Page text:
CLINTON — Dorothy would have lost her mind.
At Ashford University, dozens of grown men — various ages and sizes — took a page out of the “Wizard of Oz” on Tuesday, replacing their sneakers with bright red stilettos. Their yellow brick road was a parking lot, and their pace resembled anything but a musical skip — more like a drunken race to something other than the Emerald City.
Their purpose was much more direct. The annual “Heels For Her: Saints in Stilettos” campus event gathers a bulk of the student body to raise domestic violence awareness.
“It’s a way to impact students more and make it so guys will understand the struggle that some girls go through,” said Elizabeth Nardi, a junior and member of the Student Service Committee. “A lot of women are trying to juggle school, home, work.”
This year, Ashford students raised $465, which will support the Family Resources/Sexual Assault Resource Center. Nardi said she hopes the money will go toward continuing to raise the awareness spread in Ashford’s parking lot.
Tuesday was a way to put a positive spin on a sensitive subject — abuse. Male students and faculty members donned heels, jockeying for 100 yards while holding cell phones and carrying dolls in car seats. In a fun way, it forced men to consider the perspective of the opposite sex.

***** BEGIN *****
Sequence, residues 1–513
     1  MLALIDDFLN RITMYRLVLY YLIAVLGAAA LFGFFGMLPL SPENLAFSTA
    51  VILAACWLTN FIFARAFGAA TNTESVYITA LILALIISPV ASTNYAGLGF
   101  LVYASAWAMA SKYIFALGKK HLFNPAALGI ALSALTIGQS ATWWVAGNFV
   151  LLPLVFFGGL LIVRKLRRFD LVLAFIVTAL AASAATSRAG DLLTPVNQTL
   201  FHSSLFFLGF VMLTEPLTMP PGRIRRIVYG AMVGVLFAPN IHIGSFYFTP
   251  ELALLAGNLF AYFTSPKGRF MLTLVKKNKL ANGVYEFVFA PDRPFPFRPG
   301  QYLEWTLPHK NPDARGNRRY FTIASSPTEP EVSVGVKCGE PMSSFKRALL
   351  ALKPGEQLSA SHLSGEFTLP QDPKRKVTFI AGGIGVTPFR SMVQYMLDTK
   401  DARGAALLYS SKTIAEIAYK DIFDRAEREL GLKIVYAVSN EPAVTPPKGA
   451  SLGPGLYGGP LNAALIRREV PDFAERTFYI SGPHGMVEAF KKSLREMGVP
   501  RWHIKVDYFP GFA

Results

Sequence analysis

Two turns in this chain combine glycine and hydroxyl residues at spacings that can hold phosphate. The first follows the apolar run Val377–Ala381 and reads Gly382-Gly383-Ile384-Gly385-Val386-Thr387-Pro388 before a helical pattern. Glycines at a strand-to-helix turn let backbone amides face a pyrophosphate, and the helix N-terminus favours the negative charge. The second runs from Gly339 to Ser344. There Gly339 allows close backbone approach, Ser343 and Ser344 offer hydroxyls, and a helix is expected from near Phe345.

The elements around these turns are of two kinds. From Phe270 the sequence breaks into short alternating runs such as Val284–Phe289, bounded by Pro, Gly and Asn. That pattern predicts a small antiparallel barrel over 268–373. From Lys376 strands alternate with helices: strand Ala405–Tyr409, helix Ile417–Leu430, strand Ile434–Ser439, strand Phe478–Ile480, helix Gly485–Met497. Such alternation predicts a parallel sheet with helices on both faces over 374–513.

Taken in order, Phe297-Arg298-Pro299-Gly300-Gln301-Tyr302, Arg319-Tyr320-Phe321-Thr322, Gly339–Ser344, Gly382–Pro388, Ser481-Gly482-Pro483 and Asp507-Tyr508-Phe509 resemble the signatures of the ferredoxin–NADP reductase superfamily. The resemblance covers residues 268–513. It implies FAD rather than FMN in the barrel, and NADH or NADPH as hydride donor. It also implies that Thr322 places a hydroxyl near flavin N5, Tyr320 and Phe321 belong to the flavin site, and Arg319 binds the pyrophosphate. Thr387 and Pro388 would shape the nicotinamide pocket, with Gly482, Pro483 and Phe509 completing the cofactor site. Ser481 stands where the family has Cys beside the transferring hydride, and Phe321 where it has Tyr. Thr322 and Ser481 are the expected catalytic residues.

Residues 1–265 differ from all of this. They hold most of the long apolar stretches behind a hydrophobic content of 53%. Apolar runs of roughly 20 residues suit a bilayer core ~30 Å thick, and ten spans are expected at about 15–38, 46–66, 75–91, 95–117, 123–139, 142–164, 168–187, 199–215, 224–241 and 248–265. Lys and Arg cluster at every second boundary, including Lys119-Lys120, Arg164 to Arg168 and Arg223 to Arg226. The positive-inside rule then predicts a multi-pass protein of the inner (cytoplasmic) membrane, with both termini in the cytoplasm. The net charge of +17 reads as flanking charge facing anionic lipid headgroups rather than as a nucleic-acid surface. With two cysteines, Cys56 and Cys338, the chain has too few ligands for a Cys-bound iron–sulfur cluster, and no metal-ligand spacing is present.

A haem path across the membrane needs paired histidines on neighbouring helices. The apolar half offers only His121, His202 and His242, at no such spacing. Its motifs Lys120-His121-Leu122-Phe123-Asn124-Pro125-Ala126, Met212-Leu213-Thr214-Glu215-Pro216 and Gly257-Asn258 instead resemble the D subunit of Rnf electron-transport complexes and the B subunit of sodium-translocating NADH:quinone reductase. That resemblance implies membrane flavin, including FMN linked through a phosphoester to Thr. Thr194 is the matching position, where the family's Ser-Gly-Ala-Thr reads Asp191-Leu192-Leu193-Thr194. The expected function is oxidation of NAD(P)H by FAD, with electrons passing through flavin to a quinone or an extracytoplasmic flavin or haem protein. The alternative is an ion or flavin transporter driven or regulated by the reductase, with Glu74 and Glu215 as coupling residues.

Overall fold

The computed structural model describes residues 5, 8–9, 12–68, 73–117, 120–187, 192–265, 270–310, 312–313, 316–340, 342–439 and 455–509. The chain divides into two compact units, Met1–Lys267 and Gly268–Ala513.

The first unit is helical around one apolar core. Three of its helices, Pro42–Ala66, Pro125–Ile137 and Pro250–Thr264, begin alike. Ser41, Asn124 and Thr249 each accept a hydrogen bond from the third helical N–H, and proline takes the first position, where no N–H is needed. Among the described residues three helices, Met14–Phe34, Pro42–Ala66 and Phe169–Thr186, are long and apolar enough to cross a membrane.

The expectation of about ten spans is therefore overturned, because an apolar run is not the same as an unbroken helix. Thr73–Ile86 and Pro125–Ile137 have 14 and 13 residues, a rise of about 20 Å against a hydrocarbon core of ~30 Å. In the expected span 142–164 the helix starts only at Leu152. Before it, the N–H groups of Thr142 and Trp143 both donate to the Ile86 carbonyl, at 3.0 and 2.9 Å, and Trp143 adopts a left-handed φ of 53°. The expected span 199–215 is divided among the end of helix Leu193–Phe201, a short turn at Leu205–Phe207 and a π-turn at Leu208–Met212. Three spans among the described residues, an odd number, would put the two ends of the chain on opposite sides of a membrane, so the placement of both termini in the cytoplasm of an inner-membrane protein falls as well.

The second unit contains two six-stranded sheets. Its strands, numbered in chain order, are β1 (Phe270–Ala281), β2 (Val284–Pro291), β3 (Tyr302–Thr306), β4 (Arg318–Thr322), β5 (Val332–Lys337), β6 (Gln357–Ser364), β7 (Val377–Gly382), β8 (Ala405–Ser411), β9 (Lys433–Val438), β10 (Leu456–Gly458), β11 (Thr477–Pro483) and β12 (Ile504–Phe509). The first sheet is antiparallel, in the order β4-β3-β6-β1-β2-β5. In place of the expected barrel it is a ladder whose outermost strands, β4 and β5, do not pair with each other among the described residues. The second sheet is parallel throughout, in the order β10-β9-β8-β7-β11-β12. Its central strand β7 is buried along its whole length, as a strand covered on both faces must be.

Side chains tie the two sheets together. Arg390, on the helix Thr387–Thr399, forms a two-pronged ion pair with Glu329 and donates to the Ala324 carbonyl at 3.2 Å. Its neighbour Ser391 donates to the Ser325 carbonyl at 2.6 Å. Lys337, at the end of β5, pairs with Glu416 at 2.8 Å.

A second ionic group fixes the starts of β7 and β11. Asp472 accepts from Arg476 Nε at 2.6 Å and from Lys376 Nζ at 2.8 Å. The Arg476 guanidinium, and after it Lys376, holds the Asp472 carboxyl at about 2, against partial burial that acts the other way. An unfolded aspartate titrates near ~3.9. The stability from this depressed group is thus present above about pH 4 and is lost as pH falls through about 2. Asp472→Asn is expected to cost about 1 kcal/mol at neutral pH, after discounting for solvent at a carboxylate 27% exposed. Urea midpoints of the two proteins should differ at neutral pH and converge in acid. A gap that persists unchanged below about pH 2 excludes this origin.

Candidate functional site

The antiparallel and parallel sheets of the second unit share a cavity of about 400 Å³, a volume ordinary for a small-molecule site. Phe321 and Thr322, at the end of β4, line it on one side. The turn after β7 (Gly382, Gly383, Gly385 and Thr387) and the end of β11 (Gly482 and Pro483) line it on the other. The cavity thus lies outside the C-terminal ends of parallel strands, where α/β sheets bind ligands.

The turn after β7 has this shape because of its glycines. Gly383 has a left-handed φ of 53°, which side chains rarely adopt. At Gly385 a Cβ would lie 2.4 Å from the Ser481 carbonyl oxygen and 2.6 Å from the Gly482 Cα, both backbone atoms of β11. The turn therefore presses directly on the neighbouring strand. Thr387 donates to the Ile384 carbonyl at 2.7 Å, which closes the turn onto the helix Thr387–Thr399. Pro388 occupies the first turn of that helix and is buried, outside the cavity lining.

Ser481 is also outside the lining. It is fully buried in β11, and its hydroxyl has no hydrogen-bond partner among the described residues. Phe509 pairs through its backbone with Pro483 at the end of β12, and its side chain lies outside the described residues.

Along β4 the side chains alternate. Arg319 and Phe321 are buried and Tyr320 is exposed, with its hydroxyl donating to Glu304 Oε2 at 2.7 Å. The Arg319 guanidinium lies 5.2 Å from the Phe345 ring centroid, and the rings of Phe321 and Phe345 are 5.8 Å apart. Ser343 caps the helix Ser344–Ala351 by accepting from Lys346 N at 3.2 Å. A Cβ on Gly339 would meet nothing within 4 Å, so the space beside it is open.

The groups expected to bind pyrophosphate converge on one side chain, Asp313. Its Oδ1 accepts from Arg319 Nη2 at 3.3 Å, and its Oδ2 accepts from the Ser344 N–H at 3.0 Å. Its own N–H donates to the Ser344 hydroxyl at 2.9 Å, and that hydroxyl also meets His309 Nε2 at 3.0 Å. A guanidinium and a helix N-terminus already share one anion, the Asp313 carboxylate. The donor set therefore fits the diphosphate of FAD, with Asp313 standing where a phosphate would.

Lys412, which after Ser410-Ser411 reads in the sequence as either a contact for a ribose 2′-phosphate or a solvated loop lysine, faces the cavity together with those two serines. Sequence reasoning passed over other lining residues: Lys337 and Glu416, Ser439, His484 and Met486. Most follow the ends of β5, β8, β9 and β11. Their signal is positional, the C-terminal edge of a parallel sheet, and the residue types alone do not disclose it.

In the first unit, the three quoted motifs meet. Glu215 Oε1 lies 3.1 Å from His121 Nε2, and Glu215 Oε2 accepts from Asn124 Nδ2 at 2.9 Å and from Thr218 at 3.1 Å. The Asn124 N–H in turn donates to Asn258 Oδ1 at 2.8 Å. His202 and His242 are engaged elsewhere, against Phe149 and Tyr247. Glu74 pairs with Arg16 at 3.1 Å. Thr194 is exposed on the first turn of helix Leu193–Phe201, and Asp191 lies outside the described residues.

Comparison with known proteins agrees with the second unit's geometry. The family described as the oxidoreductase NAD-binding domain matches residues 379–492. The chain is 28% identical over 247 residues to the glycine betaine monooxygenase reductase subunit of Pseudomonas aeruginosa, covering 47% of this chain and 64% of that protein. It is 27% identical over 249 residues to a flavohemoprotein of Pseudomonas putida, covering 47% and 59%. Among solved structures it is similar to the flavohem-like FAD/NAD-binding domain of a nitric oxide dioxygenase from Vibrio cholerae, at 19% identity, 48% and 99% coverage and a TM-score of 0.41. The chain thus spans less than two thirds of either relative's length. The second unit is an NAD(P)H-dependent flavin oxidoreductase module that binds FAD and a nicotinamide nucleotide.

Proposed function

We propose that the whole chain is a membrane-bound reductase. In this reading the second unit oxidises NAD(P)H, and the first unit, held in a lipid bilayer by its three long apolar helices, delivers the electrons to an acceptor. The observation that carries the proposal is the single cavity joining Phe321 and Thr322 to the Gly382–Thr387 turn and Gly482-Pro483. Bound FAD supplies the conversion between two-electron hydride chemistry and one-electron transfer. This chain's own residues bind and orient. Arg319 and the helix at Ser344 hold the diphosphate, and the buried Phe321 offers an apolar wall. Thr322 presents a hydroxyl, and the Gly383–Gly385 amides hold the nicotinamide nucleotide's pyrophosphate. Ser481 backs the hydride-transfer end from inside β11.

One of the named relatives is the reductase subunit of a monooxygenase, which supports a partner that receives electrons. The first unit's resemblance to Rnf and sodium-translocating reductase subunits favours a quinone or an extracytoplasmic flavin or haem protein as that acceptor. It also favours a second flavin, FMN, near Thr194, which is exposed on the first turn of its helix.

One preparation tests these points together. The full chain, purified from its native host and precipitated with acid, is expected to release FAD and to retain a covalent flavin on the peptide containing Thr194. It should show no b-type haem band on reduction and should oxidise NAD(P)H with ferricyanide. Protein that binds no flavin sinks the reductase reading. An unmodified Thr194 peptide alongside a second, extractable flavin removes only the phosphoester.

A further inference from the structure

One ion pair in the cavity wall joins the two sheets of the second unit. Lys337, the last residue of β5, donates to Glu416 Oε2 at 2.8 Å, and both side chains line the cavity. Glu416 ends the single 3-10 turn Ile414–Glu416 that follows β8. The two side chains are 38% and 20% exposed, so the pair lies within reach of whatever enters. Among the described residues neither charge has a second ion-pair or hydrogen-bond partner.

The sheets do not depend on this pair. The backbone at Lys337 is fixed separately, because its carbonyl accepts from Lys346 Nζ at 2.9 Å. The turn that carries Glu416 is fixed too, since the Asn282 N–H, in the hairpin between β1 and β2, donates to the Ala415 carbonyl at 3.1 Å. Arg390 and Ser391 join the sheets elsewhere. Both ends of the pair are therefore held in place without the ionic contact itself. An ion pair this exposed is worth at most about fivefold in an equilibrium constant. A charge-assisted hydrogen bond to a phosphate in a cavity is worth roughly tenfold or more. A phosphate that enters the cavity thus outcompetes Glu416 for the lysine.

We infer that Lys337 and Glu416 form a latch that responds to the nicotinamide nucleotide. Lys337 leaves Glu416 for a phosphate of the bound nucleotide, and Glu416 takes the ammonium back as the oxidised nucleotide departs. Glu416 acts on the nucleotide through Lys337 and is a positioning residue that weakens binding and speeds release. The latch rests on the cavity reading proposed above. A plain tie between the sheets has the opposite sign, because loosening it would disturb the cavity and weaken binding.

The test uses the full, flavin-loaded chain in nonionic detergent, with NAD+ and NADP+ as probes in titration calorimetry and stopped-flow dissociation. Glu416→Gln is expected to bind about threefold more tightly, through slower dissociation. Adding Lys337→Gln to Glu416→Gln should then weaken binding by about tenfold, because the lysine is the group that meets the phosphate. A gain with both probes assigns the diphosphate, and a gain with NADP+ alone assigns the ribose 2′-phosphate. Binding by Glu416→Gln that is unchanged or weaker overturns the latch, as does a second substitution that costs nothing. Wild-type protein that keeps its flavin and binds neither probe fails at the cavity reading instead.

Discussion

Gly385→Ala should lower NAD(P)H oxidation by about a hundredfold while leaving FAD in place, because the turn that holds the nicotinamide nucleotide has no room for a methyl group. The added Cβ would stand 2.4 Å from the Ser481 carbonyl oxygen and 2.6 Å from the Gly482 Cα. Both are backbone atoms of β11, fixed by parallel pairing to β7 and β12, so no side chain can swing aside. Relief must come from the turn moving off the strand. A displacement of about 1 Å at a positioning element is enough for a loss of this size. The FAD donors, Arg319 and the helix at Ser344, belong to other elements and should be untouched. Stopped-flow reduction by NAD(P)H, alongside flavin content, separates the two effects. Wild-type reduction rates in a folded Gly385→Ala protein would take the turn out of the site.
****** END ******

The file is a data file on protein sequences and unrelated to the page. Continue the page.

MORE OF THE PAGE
Before a series of races, Nardi and fellow student, sophomore Megan Black, told peers about the true purpose for the event. Anything involving physical, sexual, emotional or psychological harm constitutes domestic violence, and it’s the leading cause of injury to women.
“We try to bring up the facts in a fun way,” Black said. “Being a girl, as it is, domestic violence is something we need to emphasize and teach everyone else about.”
This is the third year Ashford held the event. Word has spread to the point where people begin, in the winter, looking forward to wearing stilettos.
Freshman Casey Culver was among several who tried on heels. While he didn’t win his race, he said it was worth his while to support a positive cause.
“I like to raise money for the awareness of it all, and it’s nice to do something fun for that awareness,” Culver said. “It definitely gives me a new perspective on this.”
Event organizers feel that every year they make a broad impact on the campus. Students gain annual awareness about a societal problem, and it’s a cause many can get behind.
Once again, students gathered and came away with the message that abuse must end. Nardi is proud of Ashford’s progress and looks forward to continuing to make an impact.
“We hope that this goes a long way to affect people,” she said.
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